Now it starts: Meet new boss


On John Harbaugh

July 22, 2008|By MIKE PRESTON

When John Harbaugh makes that walk down the steps from McDaniel College's field house to the practice field, he'll be under the microscope for the rest of the year, and the tone for the 2008 season will be set during the next 25 days of training camp.

The eyes of an entire city will be on Harbaugh, the Ravens' first-year head coach, but he'll be scrutinized more by his players, who are trying to develop a feel for the new boss.

Harbaugh has had at least six minicamps, and he established a rapid tempo for practices. But those camps were part-time. Training camp is full time, 24 hours a day, nearly four weeks.

The players will be watching to see how Harbaugh runs practices, handles injured players and deals with disciplinary matters. They'll be looking to see how he interacts with players, assistant coaches and the media, and whether he is strict when it comes to bed checks.

The key for Harbaugh is to be consistent and not back down from confrontation. Because if he does, he will lose respect quickly.

That's an unlikely scenario. Harbaugh is too smart. He knows the MO of this team and is aware there are still some surly veterans on the roster who could make his life difficult.

Harbaugh also had to look at film from a year ago and notice the illegal procedure and unsportsmanlike conduct calls against the Ravens, most of them the result of a lack of discipline.

He wants to change that this year, and it all starts this morning when the rookies take the field for the first time. Many coaches, especially those from the old school, believe teams are built during training camp.

Harbaugh is old school as far as discipline, but modern when it comes to common sense.

"Training camp is tough," said Harbaugh, 45, in his first season as a head coach. "Training camp is hard. It's different than the old days. I've heard the term 'old-school training camp.' I don't know if that's real accurate, because back in the old days, you had 120 players in training camp and you ran those 3 1/2 -hour practices. That's not what we're talking about here.

"We're going to run an intelligent camp. I think guys are going to work hard. They're going to get tired. Their legs are going to get weary, because that's how you get good. The goal is not to be a fresh football team coming out of training camp, because that's impossible. The goal is to be a strong football team coming out of training camp, and that's what we're going to try to build."

It's the right approach: hard, smart and fair. The Ravens took advantage of predecessor Brian Billick's Club Med approach to training camp. If it was too hot, the Ravens practiced in the air-conditioned facility at Owings Mills. If it was too cold or it rained, they went inside, too.

That won't happen now.

Under the old regime, there was limited hitting at training camp and players were allowed to go home after practice and sleep in their own beds after a few days. Not anymore.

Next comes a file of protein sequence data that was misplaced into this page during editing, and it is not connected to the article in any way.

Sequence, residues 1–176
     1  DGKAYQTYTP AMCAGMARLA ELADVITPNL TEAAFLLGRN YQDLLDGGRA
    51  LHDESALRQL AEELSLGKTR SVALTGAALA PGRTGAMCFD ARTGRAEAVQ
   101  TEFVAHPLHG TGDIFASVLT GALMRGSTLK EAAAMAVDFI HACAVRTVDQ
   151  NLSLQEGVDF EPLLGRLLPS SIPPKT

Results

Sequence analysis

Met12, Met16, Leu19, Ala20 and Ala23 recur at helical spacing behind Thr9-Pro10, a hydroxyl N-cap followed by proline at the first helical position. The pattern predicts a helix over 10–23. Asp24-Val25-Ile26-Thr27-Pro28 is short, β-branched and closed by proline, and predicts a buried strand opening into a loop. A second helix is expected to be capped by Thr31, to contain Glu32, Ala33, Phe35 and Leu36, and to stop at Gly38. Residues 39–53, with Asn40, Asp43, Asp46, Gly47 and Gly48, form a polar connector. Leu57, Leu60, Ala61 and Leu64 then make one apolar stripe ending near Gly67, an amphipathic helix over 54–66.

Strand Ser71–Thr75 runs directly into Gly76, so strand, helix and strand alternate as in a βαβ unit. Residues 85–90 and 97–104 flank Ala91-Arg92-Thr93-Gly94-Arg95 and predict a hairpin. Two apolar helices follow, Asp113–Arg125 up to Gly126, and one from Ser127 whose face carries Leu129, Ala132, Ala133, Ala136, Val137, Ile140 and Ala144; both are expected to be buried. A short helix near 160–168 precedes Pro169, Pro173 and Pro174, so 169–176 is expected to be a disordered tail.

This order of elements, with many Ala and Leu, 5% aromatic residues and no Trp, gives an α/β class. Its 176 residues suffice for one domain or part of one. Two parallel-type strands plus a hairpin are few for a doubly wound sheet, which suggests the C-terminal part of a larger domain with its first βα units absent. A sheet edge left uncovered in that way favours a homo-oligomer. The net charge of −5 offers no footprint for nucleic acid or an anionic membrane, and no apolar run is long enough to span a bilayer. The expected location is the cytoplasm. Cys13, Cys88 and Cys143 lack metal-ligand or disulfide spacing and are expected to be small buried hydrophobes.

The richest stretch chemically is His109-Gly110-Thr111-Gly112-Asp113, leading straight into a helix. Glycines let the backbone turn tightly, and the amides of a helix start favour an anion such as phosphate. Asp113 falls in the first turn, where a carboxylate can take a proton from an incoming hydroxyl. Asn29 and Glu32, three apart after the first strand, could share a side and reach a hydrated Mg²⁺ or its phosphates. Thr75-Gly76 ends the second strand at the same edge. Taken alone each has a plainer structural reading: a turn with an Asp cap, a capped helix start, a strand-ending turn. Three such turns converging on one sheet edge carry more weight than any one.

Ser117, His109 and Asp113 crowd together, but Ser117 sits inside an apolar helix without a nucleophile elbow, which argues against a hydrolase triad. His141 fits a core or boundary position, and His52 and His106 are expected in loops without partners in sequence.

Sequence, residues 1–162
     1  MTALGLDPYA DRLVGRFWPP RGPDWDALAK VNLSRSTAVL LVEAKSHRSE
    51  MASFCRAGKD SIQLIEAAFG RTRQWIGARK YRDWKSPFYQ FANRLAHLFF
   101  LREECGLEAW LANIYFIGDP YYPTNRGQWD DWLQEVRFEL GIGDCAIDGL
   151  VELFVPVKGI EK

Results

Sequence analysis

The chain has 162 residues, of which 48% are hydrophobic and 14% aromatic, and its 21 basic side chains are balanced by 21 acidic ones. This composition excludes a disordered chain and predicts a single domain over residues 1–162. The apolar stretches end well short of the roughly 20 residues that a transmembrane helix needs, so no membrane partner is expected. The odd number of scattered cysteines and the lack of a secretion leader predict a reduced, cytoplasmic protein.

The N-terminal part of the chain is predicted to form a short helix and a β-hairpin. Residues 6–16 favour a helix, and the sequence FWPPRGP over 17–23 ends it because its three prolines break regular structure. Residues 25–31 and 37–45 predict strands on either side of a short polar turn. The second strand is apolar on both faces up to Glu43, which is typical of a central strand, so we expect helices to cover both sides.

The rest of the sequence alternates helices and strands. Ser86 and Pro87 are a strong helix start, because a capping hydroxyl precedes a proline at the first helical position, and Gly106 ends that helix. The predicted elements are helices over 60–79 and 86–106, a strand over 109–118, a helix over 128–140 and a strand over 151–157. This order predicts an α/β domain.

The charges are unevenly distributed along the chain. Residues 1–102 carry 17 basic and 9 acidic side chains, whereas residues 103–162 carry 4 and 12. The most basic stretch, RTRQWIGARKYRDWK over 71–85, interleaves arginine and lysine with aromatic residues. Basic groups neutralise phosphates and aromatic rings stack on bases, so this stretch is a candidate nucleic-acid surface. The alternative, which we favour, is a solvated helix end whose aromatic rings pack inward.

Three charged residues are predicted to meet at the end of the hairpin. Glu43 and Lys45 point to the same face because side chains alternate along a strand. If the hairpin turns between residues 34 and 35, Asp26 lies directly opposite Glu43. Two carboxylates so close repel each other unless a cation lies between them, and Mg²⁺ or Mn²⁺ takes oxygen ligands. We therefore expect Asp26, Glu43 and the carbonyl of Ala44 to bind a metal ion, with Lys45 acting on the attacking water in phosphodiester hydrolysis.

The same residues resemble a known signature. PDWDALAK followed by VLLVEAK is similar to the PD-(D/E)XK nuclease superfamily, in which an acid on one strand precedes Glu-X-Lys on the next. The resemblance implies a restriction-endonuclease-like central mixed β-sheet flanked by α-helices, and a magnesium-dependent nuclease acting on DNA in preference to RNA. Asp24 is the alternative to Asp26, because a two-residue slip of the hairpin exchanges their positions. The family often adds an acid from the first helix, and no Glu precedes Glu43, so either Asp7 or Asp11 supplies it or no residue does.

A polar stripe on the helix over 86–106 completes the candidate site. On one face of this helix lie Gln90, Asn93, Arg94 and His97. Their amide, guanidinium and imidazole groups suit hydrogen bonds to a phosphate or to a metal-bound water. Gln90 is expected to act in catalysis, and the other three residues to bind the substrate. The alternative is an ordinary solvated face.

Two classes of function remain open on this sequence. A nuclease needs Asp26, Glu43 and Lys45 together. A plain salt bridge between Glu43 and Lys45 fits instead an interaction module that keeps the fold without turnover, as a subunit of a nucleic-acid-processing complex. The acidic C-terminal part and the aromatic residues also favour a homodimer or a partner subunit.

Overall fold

It's a good thing. Teams really do develop chemistry in training camp, because you have to learn to live with your teammates. All the outside forces and extracurricular activities are cut off. You live together, eat together and sleep together and basically develop the same mentality as those who serve in the military.

And you forge relationships because it's the most miserable, painful, boring time in your life, and the only people who really understand are those living with you in the same conditions.

Harbaugh can't help but run a tough camp, because that's the way he was raised. Harbaugh's dad, Jack, coached football for 41 years and won the 2002 NCAA Division I-AA championship at Western Kentucky.

He learned the game from coaches he hung around in his younger days, like Bo Schembechler and Sam Wyche. He was mentored by the legendary Sid Gillman and later tutored by current Philadelphia Eagles coach Andy Reid, who is as no-nonsense as they come.

Harbaugh wants to change the Ravens' image and culture. So, expect to see some changes, like less trash-talking and taunting. He'll demand some subtle things, like players keeping their shirttails in during practice.

Harbaugh has removed benches from the sidelines, so no players are allowed to sit when they're not on the field. He canceled the team-produced Ravens Wired, a television show that miked up a player every week. Harbaugh thought it promoted individual, not team, play.

And Harbaugh doesn't mind a fight now and then during training camp, much like New England Patriots coach Bill Belichick. He wants intensity full time, and he wants to keep his players on the edge.

During two of the past three years, the Ravens had serious locker-room problems. If they lose early, some trouble might surface again. There are going to be off-the-field incidents in which players get arrested and times when players come late to meetings or practices.

It's all part of the game. These will be more times when Harbaugh is tested, and the Ravens will want to see how the coach reacts. But he can do a lot to ease future problems in the next 25 days.

Training camp is the time for him to send a message and set a tone for the future.

Baltimore Sun Articles
Please note the green-lined linked article text has been applied commercially without any involvement from our newsroom editors, reporters or any other editorial staff.